The Female Lead’s Women at Work Research revealed that there are myths and outdated assumptions about who women are and what they want, but also about the kinds of bias they are likely to face in the workplace. Significant progress has been made in tackling both explicit bias and in the development of women’s own self-belief. The Women at Work insight suggests that energy and focus be directed away from these ‘outdated presumptions’ to ensure genuine progress is achieved.
1. Women resist the term ‘ambitious’ and suffer inner conflict about being career focused All participants were ambitious, valued independence and were dedicatedto useful, high impact and challenging work. There was no ambivalence about ambition among the 2020 participants. Ambition was seen as something to embrace with pride. This operatesin stark contrast to the 1994 findings TerriApter reported in Working Women Don’t Have Wives which evidenced that women were often conflicted about ambition, competition, career identity and independence.
2. Motherhood trumps all else and shifts career and professional identity to a backseat
All participants (whether they weremothers or not) cited career as fundamental to their sense of self and purpose in life. In fact, every single woman in the study replied to the question, “To what extent does your career contribute to your sense of self?” with some version of, “A lot.” “Massively,” was the most common response and their career was clearly seen as a large part of their personal identity and satisfaction.
3. Women are uncomfortable earning more than their partners and place less value on their earning power
All participants put a very high value on financial independence. When asked what symbolic meaning money had, the most common answer was, “It provides independence.”
That financial independence also represented personalpower, the power to claim equality in a relationship, and the power to leave an uncomfortable relationship. They valued job satisfaction more than increased income but wanted to be fairly and equally recognised via their pay packet.
4. Imposter syndrome is a significant inhibitor to job performance and drive
While 26% of the participants described a time when they experienced imposter syndrome, they were not deterred by imposter syndrome, but worked through it by taking up the challengeto learn new skills. Impostersyndrome had the beneficial effect of increasing commitment and drive. Women worked through impostersyndrome by embracing a capability mindset, which means they learned to work to their strengths and dedicated themselvesto learning what they didn’t yet know.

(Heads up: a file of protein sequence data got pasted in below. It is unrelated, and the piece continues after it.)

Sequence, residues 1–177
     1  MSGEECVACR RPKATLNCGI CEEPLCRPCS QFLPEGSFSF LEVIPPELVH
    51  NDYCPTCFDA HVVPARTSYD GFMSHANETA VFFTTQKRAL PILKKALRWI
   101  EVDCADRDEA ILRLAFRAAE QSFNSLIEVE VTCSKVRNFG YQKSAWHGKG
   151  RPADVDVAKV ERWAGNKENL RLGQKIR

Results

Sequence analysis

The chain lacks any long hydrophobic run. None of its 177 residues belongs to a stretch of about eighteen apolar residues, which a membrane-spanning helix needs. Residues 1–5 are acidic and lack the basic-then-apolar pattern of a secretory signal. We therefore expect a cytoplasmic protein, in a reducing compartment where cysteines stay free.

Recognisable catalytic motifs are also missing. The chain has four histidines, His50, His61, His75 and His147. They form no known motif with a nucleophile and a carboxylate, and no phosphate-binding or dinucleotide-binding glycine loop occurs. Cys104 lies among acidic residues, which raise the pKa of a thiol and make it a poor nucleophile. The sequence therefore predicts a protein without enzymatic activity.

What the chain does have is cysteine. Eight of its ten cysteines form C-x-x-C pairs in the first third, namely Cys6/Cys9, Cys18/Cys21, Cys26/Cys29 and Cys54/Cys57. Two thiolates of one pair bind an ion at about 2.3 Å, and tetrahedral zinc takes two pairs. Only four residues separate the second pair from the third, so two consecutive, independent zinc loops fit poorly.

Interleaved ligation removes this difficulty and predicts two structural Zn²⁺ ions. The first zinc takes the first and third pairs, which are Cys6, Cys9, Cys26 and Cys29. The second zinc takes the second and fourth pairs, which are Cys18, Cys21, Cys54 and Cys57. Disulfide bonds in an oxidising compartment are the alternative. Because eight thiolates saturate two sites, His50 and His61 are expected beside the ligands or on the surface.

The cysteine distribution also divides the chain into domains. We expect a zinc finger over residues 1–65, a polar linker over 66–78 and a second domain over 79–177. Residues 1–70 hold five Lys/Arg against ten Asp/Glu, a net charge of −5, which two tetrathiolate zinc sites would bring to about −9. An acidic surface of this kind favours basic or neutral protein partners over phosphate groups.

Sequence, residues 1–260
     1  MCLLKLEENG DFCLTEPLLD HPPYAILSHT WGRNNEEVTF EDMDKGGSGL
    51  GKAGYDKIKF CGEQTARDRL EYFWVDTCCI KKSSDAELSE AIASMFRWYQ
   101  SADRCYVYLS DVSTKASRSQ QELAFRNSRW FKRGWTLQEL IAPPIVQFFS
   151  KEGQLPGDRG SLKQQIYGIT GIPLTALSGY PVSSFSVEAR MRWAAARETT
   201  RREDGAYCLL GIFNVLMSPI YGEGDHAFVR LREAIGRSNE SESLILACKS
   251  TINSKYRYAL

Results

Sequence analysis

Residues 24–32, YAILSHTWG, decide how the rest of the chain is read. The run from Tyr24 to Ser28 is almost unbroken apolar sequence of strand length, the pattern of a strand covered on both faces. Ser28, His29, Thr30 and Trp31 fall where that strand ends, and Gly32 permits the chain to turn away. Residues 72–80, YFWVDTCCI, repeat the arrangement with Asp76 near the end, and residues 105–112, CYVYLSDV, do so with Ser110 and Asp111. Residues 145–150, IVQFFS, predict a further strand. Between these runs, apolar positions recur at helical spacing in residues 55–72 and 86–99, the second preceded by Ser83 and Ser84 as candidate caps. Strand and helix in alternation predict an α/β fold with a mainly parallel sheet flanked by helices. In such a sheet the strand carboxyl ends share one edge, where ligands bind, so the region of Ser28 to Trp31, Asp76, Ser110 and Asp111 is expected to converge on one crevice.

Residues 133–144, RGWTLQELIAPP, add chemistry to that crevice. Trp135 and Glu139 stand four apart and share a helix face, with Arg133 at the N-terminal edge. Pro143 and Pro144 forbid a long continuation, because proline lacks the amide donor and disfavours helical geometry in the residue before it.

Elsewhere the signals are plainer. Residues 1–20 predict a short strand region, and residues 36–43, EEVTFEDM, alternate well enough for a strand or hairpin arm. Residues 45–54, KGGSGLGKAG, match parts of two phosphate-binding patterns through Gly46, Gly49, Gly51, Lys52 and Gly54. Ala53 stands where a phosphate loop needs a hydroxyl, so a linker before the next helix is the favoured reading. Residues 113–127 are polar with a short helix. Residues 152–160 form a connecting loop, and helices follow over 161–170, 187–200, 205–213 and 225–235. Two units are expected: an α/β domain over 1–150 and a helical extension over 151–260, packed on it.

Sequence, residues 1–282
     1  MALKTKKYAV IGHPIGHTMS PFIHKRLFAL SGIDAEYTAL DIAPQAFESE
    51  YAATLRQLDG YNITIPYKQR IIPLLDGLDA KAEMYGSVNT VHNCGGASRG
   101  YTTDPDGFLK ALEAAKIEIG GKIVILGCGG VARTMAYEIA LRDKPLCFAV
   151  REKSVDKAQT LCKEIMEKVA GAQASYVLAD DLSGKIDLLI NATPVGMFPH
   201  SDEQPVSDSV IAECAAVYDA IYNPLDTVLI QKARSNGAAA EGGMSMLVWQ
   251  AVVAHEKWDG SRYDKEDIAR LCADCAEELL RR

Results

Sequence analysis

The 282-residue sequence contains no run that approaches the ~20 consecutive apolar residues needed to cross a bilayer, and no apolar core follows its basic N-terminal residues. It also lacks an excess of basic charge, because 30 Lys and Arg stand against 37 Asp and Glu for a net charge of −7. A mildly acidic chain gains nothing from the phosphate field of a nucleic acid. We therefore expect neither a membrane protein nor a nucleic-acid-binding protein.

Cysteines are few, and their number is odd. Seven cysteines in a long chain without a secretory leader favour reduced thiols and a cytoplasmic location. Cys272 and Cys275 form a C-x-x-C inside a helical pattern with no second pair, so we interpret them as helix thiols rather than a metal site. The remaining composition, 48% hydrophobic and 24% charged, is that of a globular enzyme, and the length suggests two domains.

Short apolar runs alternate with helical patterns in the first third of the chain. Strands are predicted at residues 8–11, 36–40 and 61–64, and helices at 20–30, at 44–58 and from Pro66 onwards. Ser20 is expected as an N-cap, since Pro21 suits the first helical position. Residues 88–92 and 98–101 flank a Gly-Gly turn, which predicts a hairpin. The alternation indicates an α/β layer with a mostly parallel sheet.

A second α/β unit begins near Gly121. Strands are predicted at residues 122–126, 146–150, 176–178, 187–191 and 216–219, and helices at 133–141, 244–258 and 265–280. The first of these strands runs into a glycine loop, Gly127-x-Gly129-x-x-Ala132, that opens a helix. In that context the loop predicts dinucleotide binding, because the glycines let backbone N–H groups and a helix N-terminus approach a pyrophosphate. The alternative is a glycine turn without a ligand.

5. That female workers (particularly mothers) are more averse to embracing new challenges and risks
Changing jobs, from one firm to another, or from employee to entrepreneur was always daunting, but the women’s willingness to make such changes and take such chances was important in finding satisfyingwork conditions. Satisfaction in a job was generally linked to finding it challenging, feeling comfortable in the workplace culture and having opportunities to make a positiveimpact and to grow. When asked to envisage a more positivefuture in 5 years’ time, the participants did not show any desire to step away from work, rather to embrace a job that gave them a sense of purpose,flexibility, control and balance. There was also high satisfaction among the women who had started their own companies, evidencing that high-demand, high-stakes jobs are not problematic in themselves, but only become feasible when you are able to exert greater control over your working patterns.
Critically, our Women at Work Research identified a series of major stickingpoints that continueto inhibit female progress. All of these ‘persistent problems’ were underpinned by one unifying theme – that of the ‘unentitled mindset’. Closing the entitlement gap requires a two-pronged approach addressing the embedded structures in the workplace and in society that prevent women accessing equal entitlement, as well as promoting greater self-awareness and removing internal barriers to women developing a healthy sense of their entitlement.
You can read the full report here.
Published on 'The Female Lead'